Why euro remains strong
City Index April 7, 2014 8:29 PM
<p>Look at short-term yield differentials in order to understand the so-called mystery of the euro’s outperformance relative to the US dollar over the last 6 […]</p>
Look at short-term yield differentials in order to understand the so-called mystery of the euro’s outperformance relative to the US dollar over the last 6 months. Reserve managers’ systemic euro buying on the dips in the absence of ECB easing indications has been frequently cited as the reason to the euro’s outperformance. Cheaper Eurozone equity valuations relative to the US have also been included.
Can’t ignore that EUR-USD LIBOR spread
The 3-month LIBOR EUR-USD spread (EUR minus USD) shows the differential is at 0.061%, the highest level since July 2012.
The charts below indicate the improving spread in 3-month libor in favour of EUR, reflecting the declining chances of ECB easing as well as falling demand for USD-funding.
Recall that during rising volatility and falling euro, cost of USD rises, which lifts up USD-libor. During times of crisis (rising Eurozone bond yields & falling euro), the cost of USD funding (USD-LIBOR) was boosted by Eurozone banks’ rush into raising USD funds to alleviate the unfolding liquidity crunch.
Today is the opposite case: Improved macro and market conditions in the Eurozone manifested by rising business surveys and falling bond yields are seeing 3-month EUR-LIBOR at 0.29%, the highest since July 2012, while 3-month USD-LIBOR is at 0.23%.
Euro’s real yield differential means US yields not high enough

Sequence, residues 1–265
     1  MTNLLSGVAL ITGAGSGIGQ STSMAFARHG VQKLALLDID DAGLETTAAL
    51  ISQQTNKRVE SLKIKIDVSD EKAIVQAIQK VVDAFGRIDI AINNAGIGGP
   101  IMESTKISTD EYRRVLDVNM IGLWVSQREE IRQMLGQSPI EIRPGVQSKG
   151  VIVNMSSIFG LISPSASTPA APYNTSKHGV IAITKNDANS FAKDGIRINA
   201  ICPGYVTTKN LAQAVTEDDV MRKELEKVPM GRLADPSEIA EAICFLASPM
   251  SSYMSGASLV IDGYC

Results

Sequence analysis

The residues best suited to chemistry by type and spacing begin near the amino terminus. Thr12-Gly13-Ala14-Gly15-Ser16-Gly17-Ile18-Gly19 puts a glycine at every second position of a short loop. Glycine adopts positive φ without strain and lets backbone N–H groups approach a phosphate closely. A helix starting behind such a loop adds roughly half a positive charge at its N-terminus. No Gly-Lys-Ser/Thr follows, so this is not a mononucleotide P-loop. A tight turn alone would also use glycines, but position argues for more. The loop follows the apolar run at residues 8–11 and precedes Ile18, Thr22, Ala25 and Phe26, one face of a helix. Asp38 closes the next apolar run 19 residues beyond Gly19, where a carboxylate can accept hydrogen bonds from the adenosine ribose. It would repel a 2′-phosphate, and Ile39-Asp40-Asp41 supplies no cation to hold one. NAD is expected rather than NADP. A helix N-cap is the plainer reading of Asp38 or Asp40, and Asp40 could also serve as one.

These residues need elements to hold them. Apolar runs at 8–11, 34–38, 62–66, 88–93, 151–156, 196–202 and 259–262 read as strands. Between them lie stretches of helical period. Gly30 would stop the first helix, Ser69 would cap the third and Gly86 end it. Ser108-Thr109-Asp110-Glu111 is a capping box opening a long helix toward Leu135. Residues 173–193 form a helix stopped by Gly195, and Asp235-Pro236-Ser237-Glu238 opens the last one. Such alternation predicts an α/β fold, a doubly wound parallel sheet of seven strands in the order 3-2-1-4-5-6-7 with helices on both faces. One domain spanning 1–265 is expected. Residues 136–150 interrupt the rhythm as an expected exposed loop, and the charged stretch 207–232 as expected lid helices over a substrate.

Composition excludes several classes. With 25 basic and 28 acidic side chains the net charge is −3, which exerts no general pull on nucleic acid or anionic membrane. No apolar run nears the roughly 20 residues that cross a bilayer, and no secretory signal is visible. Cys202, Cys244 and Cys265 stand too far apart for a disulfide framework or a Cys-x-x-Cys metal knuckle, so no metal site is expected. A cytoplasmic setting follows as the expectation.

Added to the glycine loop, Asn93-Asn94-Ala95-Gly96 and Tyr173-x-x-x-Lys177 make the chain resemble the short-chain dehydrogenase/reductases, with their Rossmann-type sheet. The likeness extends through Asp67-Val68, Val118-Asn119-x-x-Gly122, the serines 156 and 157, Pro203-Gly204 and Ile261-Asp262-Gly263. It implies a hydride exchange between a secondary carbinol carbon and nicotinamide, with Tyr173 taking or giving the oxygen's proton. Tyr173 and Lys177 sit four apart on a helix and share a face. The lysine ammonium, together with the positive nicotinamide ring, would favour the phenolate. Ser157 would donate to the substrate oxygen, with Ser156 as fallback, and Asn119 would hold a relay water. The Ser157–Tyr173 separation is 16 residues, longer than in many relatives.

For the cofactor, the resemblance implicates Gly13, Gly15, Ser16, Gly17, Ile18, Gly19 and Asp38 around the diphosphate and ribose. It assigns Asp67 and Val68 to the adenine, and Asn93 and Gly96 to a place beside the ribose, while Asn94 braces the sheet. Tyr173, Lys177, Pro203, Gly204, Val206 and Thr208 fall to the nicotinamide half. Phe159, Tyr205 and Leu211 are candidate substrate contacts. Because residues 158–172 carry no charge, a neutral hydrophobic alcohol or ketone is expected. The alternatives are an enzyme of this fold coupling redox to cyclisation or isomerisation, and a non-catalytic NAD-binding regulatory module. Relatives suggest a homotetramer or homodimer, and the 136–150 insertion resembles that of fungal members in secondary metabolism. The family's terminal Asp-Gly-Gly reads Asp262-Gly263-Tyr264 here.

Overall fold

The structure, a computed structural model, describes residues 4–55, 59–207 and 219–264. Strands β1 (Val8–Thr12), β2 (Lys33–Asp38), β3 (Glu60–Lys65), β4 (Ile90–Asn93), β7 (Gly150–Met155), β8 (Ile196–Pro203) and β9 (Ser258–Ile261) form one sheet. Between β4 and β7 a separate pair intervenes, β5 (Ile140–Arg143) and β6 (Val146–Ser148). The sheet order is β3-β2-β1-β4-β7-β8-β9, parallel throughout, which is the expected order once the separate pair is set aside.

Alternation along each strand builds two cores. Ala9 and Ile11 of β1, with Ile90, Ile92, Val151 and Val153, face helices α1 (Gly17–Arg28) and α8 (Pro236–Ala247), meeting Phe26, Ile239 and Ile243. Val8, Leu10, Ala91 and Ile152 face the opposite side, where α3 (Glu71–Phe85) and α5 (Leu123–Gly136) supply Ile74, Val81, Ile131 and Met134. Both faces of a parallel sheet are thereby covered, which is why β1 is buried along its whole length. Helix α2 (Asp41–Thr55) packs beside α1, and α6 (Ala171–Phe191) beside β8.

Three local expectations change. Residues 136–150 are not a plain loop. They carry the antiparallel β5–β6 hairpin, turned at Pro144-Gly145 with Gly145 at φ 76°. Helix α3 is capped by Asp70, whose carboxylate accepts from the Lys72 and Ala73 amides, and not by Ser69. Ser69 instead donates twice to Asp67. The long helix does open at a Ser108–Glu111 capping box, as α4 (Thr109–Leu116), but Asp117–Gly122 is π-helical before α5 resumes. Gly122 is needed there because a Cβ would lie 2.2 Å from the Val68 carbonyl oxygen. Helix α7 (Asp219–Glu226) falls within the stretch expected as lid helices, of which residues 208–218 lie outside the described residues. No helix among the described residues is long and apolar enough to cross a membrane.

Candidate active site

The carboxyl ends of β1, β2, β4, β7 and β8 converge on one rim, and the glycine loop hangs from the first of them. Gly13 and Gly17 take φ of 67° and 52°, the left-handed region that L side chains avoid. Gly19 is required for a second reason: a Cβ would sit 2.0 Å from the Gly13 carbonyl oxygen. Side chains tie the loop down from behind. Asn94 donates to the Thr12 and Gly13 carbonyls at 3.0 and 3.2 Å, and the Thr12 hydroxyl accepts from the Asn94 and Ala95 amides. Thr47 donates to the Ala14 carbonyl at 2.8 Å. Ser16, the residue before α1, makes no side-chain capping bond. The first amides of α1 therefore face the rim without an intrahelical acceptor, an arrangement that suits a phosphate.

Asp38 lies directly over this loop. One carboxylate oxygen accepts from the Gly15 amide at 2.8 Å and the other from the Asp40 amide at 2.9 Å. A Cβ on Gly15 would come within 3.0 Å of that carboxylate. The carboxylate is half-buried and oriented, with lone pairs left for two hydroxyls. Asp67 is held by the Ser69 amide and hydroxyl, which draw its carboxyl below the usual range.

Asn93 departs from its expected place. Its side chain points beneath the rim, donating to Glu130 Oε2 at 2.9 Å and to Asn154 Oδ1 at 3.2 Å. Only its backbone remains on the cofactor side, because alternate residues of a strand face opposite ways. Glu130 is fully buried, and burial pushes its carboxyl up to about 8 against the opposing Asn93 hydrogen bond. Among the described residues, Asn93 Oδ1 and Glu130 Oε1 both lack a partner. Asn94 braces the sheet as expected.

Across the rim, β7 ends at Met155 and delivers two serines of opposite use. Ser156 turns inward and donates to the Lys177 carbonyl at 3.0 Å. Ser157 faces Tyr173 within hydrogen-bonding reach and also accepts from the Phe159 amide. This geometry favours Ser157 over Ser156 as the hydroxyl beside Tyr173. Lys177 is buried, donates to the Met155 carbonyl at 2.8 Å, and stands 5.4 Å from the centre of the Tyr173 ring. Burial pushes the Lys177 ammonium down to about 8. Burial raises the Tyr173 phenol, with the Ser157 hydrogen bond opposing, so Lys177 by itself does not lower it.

Another spread is that of real 2-year yields (German 2-year yields minus Ezone CPI at -0.33%) minus (US 2-year yields minus core PCE at -0.69%), which remains in favour of German yields at +0.37%. This means that despite US yields being above their German counterpart, they’re not sufficiently priced to account for the higher inflation differential with the Eurozone, considering Eurozone CPI at 0.5% y/y and US core PCE at 1.1%.
The 3rd chart shows the continuous decline in EURUSD 1-month call option volatility, which has proven to be generally inversely related to the spot EURUSD. Falling EUR volatility is part and parcel of the decline in global equity volatilities resulting from acommodative policies in the US and the UK. Any indications that prolonged declines in volatility become associated with expectations of ECB quantitative easing could imply that action in Frankfurt would actually boost the euro as was the case in LTRO-1 and LTRO-2, instead of its decline.
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